Candice is another regular at the great running website runningahead. She is also really, really fast. Its nice to see that even the fast people had to start somewhere. Thanks for taking part, Candice!
Name: Candice Schneider Breaknthree
Age (at the time of first BQ): 23
Weight (at the time of first BQ): 117 lbs
At which marathon did you get your first BQ? Tell us a little about the race.
I wasn’t always the marathoner I am today (3:09:18 PR as of fall 2010). I ran my first BQ at the Country Music Marathon in Nashville, TN in 2008 in 3:39:17, just barely making the cutoff. I was living in Nashville at the time, as I am originally from TN. It was the one year anniversary of my first marathon (same one, too), and a completely unplanned race for me. When I ran my first marathon I attempted a BQ, and it took until my 4th try to actually get it right. I had the speed, but I didn’t yet have the endurance to go along with it. My goal spring race in 2008 had actually been the Go! St. Louis marathon 2 weeks before Country Music. I was unfortunately plagued with some terrible stomach distress during the Go! St. Louis marathon after running 18 miles on pace. I was so frustrated that I jumped into Country Music 2 weeks later and finally BQ’d. 3 years later, I am going back to Go! St. Louis (2 1/2 weeks from now) to run it again. This time I am going as a woman who is faster than the men’s open BQ standard, instead of someone who is trying (what she thought) was her best to just get the open women’s BQ. I have also been accepted to run as an “elite,” as their standards are women who are sub 3:10 get an elite start. It sort of feels like… fate, I guess. I never dreamed I’d be half as fast as I am today. I never dreamed i’d be dreaming of being even faster than this…
How long had you been running when you ran your first BQ? Did you run in college or high school?
I had been running consistently since the fall of 2006. Before that I would run 2 or 3 miles sporadically. I have always been active and running was something I was always just able to go out and do if I felt like it. But I never saw a need to go more than a couple of miles I think this comes from a background of soccer and other sports. It took until 2006 for it to occur to me that running could be a competitive outlet, and that was when I signed up for my first race. As mentioned I had previously played soccer, and needed something since that was over to stay in shape. Up until I signed up for my first race… running was just something I supplemented workouts at the gym with.
What was your approximate lifetime mileage at the time of your first BQ?
~2600 lifetime miles (I now typically run more than that per year)
How many miles did you run in the year before your first BQ?
Approximately how many races did you run in that year?
I had only ran 2 races that calendar year before the BQ. An 11.2 mi race, and the Go! St. Louis Marathon 2 weeks before.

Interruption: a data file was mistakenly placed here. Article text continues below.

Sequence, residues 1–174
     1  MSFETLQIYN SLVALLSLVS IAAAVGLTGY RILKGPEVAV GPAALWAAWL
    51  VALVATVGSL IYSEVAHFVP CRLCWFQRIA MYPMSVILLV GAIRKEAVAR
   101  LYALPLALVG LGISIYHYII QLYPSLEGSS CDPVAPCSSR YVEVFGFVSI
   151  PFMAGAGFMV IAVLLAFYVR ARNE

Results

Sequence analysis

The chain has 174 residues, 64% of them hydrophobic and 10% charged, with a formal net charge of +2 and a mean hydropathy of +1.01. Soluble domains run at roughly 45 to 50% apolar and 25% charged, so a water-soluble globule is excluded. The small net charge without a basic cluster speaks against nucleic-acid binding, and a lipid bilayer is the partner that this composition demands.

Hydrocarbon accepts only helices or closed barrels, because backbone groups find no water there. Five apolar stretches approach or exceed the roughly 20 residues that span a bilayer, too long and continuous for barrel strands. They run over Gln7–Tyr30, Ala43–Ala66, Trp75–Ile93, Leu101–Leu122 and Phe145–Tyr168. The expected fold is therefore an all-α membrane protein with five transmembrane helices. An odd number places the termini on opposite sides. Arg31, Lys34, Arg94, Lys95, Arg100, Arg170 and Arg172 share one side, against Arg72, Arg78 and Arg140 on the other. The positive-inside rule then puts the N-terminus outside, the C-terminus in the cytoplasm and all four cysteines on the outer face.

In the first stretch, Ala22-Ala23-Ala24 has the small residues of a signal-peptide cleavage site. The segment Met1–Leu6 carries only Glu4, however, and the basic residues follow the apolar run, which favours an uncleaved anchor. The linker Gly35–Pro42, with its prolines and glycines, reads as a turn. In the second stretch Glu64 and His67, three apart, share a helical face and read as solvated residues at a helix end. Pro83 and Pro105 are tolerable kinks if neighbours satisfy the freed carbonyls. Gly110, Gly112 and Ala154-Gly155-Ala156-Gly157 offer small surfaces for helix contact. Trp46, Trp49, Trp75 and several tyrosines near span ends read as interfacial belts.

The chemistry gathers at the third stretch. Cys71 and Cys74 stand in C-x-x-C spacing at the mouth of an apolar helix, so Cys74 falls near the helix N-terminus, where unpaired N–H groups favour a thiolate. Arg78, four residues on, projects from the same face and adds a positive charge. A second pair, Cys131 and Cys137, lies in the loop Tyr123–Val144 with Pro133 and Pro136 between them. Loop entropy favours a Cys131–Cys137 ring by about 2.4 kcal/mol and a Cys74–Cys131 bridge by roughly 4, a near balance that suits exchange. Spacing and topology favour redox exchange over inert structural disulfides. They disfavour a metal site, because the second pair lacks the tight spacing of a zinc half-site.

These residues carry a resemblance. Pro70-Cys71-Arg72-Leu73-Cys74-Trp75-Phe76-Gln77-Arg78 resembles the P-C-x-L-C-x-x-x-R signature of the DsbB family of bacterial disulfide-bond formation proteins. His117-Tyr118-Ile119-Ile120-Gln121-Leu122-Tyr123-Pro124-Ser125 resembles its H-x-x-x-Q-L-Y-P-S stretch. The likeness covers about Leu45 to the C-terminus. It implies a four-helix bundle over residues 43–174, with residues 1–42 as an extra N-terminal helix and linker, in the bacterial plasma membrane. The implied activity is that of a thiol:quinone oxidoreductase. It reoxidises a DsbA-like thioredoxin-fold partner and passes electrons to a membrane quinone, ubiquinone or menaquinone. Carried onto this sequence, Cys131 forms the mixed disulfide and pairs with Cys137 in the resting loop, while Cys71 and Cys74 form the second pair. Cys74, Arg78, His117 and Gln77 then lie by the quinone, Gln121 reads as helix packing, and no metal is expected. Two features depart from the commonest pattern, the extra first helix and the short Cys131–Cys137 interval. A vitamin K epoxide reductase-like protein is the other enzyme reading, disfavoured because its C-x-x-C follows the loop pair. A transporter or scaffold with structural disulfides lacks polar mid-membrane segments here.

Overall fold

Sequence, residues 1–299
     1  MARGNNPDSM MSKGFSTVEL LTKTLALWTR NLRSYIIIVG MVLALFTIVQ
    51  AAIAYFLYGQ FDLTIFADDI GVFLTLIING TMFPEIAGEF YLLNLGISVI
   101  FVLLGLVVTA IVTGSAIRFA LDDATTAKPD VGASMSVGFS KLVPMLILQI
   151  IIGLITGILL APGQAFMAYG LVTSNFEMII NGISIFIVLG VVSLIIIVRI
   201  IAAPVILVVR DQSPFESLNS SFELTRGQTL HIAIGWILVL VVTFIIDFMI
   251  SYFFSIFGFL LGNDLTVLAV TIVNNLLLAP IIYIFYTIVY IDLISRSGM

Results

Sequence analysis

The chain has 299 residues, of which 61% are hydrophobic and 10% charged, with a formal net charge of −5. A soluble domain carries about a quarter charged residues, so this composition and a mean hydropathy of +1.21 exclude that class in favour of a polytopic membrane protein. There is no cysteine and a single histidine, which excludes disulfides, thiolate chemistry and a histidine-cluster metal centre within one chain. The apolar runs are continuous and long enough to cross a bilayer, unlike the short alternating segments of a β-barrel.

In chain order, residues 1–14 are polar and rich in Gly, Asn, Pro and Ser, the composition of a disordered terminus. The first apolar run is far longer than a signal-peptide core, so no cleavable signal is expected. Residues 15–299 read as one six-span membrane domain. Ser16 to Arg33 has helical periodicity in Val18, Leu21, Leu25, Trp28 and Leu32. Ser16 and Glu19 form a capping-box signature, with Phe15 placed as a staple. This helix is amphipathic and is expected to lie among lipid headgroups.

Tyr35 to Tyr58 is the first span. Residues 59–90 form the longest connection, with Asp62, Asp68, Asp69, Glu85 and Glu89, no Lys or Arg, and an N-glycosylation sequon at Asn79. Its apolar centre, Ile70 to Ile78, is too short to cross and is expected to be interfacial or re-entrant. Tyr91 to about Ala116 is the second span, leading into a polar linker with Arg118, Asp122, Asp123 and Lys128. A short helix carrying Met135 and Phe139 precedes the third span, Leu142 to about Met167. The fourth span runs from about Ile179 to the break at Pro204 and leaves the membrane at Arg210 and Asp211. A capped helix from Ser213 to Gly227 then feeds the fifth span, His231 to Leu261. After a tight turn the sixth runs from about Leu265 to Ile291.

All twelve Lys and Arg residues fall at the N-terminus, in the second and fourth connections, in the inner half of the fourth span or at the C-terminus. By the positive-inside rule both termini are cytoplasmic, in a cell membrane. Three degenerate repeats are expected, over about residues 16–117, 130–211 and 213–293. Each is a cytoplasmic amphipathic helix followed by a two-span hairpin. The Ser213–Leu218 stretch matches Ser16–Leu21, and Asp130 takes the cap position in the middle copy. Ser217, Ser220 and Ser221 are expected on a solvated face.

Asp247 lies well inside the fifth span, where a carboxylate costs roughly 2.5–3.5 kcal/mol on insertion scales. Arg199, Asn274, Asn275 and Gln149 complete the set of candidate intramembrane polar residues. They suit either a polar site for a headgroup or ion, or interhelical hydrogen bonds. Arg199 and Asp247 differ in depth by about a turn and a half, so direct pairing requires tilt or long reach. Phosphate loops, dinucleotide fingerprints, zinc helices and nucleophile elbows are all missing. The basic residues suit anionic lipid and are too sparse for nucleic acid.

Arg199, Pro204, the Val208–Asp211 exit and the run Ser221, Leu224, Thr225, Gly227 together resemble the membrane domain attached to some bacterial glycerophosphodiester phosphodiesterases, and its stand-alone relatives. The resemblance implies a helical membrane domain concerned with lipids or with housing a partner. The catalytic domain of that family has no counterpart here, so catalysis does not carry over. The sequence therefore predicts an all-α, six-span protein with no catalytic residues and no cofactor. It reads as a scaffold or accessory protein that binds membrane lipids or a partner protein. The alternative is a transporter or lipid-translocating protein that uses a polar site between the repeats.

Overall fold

Did you follow a canned program? If so, which one? If not, can you give us an idea of what your training philosophy was?
I loosely followed the Pfitzinger Advanced Marathoning 55/18 program. I honestly didn’t know a whole lot about what I was doing. I now realize that, personally, to develop speed I have to run daily, run a lot, and do quality speed workouts regularly (intervals, & tempos). The combination of these things is what helped me to shave off 30 more minutes from my BQ time.
Did you run with a running club or utilize a coach?
I did run with a group every Saturday. We ran our long runs together, we also did track workouts on Tuesday evenings. I miss them dearly (I moved to Minnesota). The guy who started the group was a 2:30 marathoner back in his prime. I considered him a coach of sorts, he was always helpful and willing to give advice. Very supportive. I probably wouldn’t have done half as well in those first few marathons without his help. He wasn’t necessarily a believer in high mileage though. My husband Ben S, a 2:28 marathoner, coaches me now. A FIRM believer in high mileage, and a slave driver Without Ben, I might still be 30 minutes slower.
Did cross training play a role in your training? If so, how?
It did actually. In the spring leading up to my BQ I started training in hopes to compete in a season of triathlon over the summer. I was swimming and biking a lot. I only did triathlon that one season though (summer ’08). I am a much better runner… I did pretty well but it didn’t really end up being my thing. I didn’t love it enough. I do still think often about doing an Ironman one day though. Maybe when I’m older and can’t put in as many miles running. First and foremost I want to be the best marathoner I can be.
Any other thoughts you would like to share with those of working towards a BQ?
The best advice I can give is to not be lazy with your training. If you think you’re giving it all you can give… you’re probably wrong. You can give it more. Just like anything else in life. Before I BQ’d I was putting in anywhere from 35-55 miles per week, and I felt like that was a lot, and that I was working as hard as I possibly could. Now, during training I regularly put in 70-80, sometimes 90 miles per week, and I know I can (and have to) do better than that if I want to get to that next level. My point is, if what you are doing isn’t working for you, do more. Run more. Do more speed workouts. Be consistent. Give it time. And don’t give up! The runner you are meant to be will show itself to you when you have exhausted every possible strategy. You will get that BQ (or PR, or whatever) if you MAKE yourself get that BQ. If you want it bad enough. But you have to want it bad enough…
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